CYCLADES was an early French packet switching computer network that influenced the design of later network models. CYCLADES featured a decentralised networking model that placed the responsibility for complex 'intelligent' functions at the edge of the network (hosts) rather than on a central authority. The best-effort datagram delivery method - for the central transport protocol of CYCLADES - was a first for packet switching networks and was later implemented in the design of TCP/IP; with the Internet Protocol (IP) being a best-effort connectionless protocol. CYCLADES was developed in 1972, the project was headed by Louis Pouzin and included Hubert Zimmermann:
Hubert Zimmermann Louis Pouzin
Some other members of the team that designed/built CYCLADES included Jean-Louis Grangé and Lauriot Prévost.
CYCLADES is named after the Greek island group in the Aegean Sea. The Cyclades islands form a archipelago: a group of islands that are typically governed by a standard set of laws. Likewise, the architecture of the CYCLADES computer network was built upon a similar idea: a group of computer networks, who communicated using a standard protocol suite.
CYCLADES was an influential computer network: as it built and improved upon the network architecture of ARPANET. CYCLADES pioneered the development of end-to-end protocols: where hosts, instead of the network, took responsibility for complex functions. This was a revolutionarily idea (unreliable data transmission). CYCLADES spearheaded the development of packet switching networks that featured a simple and basic central transport methodology. The intelligent functions of the network were handled by the hosts: which made it far simpler, than previously, to interconnect new nodes and networks together.
CYCLADES was influential in the development of TCP/IP and the ISO-OSI (Open Systems Interconnection) model. Both of these protocol suites would copy CYCLADES layered model (Data Transmission Layer, a Transport Layer, and an Application Layer) and end-to-end protocol structure, where hosts were responsible for the delivery of data (packet assembly, packet disassembly, flow control, sequence number-ing, and virtual connection).
It has been claimed that the inspiration to create CYCLADES began when a delegation of French computing scientists visited the United States in 1970 and came across the ARPANET computer network; one of the first packet switching networks. The team picked by Louis Pouzin to design and build CYCLADES had thoroughly studied the networking experiments conducted at the National Physical Lab in the UK and had a good understanding of the ARPA packet network. BBN, who built the router for ARPANET, provided the CYCLADES team with advice. The coordination team for CYCLADES was situated at the Institut de Recherche d'Informatique et d'Automatique (IRIA) and was sponsored by the French national government.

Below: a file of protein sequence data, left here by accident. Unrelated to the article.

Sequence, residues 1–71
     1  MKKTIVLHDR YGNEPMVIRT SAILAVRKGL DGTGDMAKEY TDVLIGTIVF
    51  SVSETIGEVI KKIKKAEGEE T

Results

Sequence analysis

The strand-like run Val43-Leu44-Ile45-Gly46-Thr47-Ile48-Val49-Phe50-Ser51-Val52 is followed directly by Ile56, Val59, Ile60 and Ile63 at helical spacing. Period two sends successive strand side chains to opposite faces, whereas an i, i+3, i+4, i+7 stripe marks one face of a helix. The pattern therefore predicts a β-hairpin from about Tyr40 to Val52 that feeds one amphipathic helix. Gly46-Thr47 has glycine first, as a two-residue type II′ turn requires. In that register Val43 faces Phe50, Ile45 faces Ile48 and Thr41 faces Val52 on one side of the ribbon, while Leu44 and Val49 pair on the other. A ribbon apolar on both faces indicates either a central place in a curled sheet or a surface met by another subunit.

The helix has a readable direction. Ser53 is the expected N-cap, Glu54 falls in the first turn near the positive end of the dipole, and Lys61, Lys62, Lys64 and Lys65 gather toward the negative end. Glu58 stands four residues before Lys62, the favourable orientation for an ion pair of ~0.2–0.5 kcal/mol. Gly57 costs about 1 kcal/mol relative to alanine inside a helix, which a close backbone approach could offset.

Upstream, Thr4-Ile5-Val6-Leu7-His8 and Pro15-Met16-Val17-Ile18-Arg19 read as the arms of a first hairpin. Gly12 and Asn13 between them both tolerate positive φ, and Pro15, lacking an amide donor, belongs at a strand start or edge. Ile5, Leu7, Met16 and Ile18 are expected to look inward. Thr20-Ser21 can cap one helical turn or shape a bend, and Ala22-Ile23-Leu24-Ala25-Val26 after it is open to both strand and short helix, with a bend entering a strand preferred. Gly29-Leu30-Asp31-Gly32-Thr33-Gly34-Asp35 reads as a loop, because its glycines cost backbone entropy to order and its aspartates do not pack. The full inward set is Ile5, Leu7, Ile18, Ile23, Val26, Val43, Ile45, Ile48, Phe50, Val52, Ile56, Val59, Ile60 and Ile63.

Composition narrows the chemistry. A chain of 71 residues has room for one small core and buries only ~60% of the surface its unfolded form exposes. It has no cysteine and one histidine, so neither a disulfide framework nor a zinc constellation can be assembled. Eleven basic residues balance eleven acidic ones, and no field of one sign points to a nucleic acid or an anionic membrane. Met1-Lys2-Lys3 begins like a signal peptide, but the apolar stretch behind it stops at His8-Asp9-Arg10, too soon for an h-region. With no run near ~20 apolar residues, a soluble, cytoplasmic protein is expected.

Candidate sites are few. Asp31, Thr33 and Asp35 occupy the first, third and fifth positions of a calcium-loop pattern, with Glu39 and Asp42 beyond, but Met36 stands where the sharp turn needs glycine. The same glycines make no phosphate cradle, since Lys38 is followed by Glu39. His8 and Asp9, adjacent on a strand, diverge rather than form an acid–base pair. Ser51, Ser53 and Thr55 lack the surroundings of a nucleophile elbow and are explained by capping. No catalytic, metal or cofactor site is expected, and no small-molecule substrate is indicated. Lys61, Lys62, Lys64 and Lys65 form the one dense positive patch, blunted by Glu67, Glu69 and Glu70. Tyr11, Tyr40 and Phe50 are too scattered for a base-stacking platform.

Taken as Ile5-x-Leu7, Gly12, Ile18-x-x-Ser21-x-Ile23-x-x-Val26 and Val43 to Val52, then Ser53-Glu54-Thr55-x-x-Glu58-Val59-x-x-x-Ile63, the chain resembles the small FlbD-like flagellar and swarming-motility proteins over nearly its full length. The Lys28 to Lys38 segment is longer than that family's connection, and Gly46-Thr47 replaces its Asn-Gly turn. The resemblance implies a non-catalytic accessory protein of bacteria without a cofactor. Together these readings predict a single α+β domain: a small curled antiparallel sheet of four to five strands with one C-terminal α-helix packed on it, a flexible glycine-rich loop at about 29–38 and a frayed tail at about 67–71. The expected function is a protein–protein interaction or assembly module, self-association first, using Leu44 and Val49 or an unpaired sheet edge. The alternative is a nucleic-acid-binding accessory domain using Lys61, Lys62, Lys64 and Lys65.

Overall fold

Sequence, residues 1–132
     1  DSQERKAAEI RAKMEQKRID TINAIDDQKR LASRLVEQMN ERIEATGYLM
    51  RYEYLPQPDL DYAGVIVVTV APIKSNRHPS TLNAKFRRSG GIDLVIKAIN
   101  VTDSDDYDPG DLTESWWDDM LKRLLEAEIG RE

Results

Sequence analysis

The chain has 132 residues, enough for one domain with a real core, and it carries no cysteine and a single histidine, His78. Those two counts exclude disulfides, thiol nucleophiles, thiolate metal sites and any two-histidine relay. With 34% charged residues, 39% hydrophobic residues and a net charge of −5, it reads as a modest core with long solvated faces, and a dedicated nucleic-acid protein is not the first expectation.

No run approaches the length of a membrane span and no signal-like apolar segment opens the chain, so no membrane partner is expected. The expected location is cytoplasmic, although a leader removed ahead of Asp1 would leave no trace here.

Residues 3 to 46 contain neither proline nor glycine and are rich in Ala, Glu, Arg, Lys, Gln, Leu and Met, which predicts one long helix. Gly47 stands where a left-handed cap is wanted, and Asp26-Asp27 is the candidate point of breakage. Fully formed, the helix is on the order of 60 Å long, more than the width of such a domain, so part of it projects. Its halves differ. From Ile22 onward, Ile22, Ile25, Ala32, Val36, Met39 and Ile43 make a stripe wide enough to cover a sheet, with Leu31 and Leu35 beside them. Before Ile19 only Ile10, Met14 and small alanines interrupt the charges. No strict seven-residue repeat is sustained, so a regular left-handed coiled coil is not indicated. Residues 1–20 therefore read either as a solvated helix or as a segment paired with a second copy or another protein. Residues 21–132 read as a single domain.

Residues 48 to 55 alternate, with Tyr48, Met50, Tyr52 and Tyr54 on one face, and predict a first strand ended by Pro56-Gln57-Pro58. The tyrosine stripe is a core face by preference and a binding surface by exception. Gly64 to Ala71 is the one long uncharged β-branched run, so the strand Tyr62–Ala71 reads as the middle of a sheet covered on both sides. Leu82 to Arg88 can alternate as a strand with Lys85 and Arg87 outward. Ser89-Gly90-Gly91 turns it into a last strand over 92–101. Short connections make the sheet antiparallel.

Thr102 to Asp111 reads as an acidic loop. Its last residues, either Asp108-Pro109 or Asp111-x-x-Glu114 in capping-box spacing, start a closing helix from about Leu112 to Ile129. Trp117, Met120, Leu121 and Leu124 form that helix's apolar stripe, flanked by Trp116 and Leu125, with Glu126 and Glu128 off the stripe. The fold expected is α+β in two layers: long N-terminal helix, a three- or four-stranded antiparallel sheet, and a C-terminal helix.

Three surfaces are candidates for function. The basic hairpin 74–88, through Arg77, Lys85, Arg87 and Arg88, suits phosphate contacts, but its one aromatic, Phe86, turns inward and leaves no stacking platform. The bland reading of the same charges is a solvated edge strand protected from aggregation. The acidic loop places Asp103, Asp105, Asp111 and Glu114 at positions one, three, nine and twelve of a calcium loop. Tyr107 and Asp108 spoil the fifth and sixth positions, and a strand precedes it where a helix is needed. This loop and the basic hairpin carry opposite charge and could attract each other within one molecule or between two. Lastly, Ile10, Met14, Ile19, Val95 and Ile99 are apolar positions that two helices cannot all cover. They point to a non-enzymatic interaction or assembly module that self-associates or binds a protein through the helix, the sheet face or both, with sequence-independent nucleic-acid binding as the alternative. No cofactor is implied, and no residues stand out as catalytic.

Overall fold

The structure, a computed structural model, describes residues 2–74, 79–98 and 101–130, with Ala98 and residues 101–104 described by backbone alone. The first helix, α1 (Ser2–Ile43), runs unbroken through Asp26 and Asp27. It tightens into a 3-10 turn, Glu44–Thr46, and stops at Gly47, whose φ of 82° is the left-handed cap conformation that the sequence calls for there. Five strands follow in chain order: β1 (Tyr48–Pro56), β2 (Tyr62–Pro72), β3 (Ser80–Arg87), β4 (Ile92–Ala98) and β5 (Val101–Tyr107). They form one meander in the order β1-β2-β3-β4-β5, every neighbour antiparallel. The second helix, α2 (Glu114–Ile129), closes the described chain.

Designing CYCLADES began in 1972, and a working example of the network was displayed at a CIGALE Presentation in 1974. The network was fully deployed between 1974-1976, and included nodes across France and the European continent. CYCLADES was designed with a protocol suite that featured layers, and with a communication sub-network named CIGALE. CIGALE implemented an address architecture that featured a datagram (unreliable data packet) methodology with a simple header format and a maximum payload size.
CIGALE was basic, easily implemented, and enabled nodes to be more easily connected. CYCLADES would run interconnection experiments with the UK's NPL Mark.I packet switching network, and NPL would later connect to CYCLADES. The CYCLADES network was built with: nodes using routers (Mitra-15 mini-computers); hosts connected via communication lines which were point-to-point PTT leased lines and telephones lines; and hosts using V24 interfaces. The original CYCLADES network featured five nodes located at: Rennes, Paris (2), Toulouse, and Grenoble (four corners of France).
CYCLADES would run into funding problems in 1975, and the amount of nodes in the network shrank; although the network did connect to the European Space Agency (ESA) and European Informatics Network (EIN) by 1976. By the 1980's, European computer networking projects had switched it's focus from a datagram methodology to a virtual circuit approach. If CYCLADES had been fully financially and ideologically backed, then it may have rivaled the Internet as a global communications network.